Scientists may have figured out a solution to treating ALS, which currently has no cure.,
Scientists said the breakthrough was made possible by ALS Ice Bucket Challenge donations Getty

Money raised from the Ice Bucket Challenge, the social media phenomenon which swept the world in 2014, has resulted in scientists discovering a new gene linked to Amyotrophic Lateral Sclerosis, also known ALS or Lou Gehrig's Disease.

The challenge in which people dumped buckets of ice water over their heads for charity before nominating more people to take up was impossible to ignore two years ago, with everyone from celebrities such as Justin Bieber, Oprah Winfrey and Barack Obama to pretty much all your friends on Facebook taking part.

The Ice Bucket Challenge was backed by the ALS Association, who praised the fundraising scheme for raising more than $100m (£76m) for the incurable disease in which cells of the nervous cell system die, resulting in muscle weakness, impacting speech, movement, swallowing and breathing.

However, the Ice Bucket Challenge also had its critics, from those who believed many were taking part in it merely to be seen participating in the latest trend or a prime example of "slacktivism" – online activism that requires minimal time, effort or meaningful involvement.

However, these critics may look to be silenced following the announcement from the University of Massachusetts Medical School's Project MinE, who said money raised from the Ice Bucket Challenge has helped them discovery a new gene which could put scientists on the track to new therapies for the disease.

According to a paper published today in Nature Genetics, researchers have discovered a new ALS gene, NEK1, which now ranks among the most common genes that contribute to the disease and is present in both inherited and sporadic forms of the disease.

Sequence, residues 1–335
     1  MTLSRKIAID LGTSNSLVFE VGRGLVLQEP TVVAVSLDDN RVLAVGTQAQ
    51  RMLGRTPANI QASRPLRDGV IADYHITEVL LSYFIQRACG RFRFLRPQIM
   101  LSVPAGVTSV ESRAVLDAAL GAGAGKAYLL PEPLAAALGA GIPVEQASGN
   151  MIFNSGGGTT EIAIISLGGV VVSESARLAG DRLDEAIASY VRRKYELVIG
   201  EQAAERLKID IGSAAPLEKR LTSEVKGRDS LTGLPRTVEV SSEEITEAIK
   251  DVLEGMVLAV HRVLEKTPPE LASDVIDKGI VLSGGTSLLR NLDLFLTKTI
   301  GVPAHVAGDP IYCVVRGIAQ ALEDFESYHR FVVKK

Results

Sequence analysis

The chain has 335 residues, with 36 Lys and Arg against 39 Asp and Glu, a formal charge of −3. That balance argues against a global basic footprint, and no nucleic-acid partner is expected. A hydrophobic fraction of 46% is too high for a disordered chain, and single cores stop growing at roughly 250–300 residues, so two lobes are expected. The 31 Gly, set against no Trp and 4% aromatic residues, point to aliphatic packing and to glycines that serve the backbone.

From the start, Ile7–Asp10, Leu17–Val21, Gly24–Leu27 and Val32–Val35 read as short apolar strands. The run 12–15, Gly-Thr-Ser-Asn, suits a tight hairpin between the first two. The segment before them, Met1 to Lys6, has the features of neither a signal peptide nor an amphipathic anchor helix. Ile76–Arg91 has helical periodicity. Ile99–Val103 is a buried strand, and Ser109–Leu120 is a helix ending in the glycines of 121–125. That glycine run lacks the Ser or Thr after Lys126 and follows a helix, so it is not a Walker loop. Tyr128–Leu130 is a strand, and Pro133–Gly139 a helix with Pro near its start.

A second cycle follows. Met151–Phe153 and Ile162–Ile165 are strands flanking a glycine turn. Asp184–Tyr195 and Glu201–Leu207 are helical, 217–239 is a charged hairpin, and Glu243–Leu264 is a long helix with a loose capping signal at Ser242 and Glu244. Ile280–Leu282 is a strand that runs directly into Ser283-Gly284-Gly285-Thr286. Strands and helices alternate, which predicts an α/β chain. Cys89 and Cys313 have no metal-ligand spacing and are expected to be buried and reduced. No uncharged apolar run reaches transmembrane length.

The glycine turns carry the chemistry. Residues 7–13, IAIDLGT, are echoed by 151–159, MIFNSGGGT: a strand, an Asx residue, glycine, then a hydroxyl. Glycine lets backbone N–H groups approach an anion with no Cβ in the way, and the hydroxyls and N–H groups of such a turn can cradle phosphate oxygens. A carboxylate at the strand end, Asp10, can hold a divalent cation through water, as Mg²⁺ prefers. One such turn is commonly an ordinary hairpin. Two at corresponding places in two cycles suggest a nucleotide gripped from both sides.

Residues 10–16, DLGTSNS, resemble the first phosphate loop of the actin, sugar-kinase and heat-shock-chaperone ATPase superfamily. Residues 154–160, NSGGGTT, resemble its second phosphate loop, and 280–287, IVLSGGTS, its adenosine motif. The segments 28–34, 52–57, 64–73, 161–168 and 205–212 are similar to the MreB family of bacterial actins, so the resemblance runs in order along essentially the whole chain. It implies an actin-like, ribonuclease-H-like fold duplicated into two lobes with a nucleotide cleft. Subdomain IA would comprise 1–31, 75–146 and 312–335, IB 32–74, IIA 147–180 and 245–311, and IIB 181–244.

Justin Bieber
Justin Bieber completing the ice bucket challenge. instagram

According to the ALS Association, NEK1 has multiple roles in neurons, including maintenance of the cytoskeleton as well as regulating the membrane of the mitochondrion, which supplies energy to neurons and in repairing DNA. Disruption of each of these cellular functions through other means has been linked to increased risk of ALS. The gene was found through a genome-wide search for ALS risk genes in over 1,000 ALS families following the largest ever study of inherited ALS, involving contributions from over 80 researchers in 11 countries.

Dr. John Landers, who headed up the team of reseachers, said: "Global collaboration among scientists, which was really made possible by ALS Ice Bucket Challenge donations, led to this important discovery.

"It is a prime example of the success that can come from the combined efforts of so many people, all dedicated to finding the causes of ALS. This kind of collaborative study is, more and more, where the field is headed."

Project MinE founder and ALS sufferer Bernard Muller said: "The ALS Ice Bucket Challenge enabled us to secure funding from new sources in new parts of the world. Thankfully, The ALS Association brought Project MinE to the United States. This transatlantic collaboration supports our global gene hunt to identify the genetic drivers of ALS. I'm incredibly pleased with the discovery of the NEK1 gene adding another step towards our ultimate goal, eradicating this disease from the face of the earth."